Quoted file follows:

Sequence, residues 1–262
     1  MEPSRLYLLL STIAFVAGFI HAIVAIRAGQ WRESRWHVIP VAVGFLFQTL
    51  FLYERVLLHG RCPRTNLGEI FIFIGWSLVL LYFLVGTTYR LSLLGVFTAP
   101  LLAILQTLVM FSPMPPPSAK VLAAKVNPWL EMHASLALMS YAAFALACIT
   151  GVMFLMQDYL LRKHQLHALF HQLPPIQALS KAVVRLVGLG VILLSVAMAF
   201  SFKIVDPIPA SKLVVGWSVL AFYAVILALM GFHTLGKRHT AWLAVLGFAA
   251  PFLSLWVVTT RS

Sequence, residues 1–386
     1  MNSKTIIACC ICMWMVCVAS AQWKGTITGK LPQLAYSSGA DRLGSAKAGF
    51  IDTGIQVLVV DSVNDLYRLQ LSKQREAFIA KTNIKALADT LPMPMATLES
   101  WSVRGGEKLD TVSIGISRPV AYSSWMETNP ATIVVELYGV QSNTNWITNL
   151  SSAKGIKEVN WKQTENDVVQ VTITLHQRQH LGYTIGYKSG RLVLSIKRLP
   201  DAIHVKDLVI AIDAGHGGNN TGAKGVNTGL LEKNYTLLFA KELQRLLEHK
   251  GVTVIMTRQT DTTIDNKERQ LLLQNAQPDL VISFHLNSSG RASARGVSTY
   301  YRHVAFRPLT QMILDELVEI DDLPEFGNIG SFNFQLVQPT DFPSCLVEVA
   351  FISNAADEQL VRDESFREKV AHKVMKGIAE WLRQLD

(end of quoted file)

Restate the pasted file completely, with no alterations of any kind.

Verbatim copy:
Sequence, residues 1–262
     1  MEPSRLYLLL STIAFVAGFI HAIVAIRAGQ WRESRWHVIP VAVGFLFQTL
    51  FLYERVLLHG RCPRTNLGEI FIFIGWSLVL LYFLVGTTYR LSLLGVFTAP
   101  LLAILQTLVM FSPMPPPSAK VLAAKVNPWL EMHASLALMS YAAFALACIT
   151  GVMFLMQDYL LRKHQLHALF HQLPPIQALS KAVVRLVGLG VILLSVAMAF
   201  SFKIVDPIPA SKLVVGWSVL AFYAVILALM GFHTLGKRHT AWLAVLGFAA
   251  PFLSLWVVTT RS

Sequence, residues 1–386
     1  MNSKTIIACC ICMWMVCVAS AQWKGTITGK LPQLAYSSGA DRLGSAKAGF
    51  IDTGIQVLVV DSVNDLYRLQ LSKQREAFIA KTNIKALADT LPMPMATLES
   101  WSVRGGEKLD TVSIGISRPV AYSSWMETNP ATIVVELYGV QSNTNWITNL
   151  SSAKGIKEVN WKQTENDVVQ VTITLHQRQH LGYTIGYKSG RLVLSIKRLP
   201  DAIHVKDLVI AIDAGHGGNN TGAKGVNTGL LEKNYTLLFA KELQRLLEHK
   251  GVTVIMTRQT DTTIDNKERQ LLLQNAQPDL VISFHLNSSG RASARGVSTY
   301  YRHVAFRPLT QMILDELVEI DDLPEFGNIG SFNFQLVQPT DFPSCLVEVA
   351  FISNAADEQL VRDESFREKV AHKVMKGIAE WLRQLD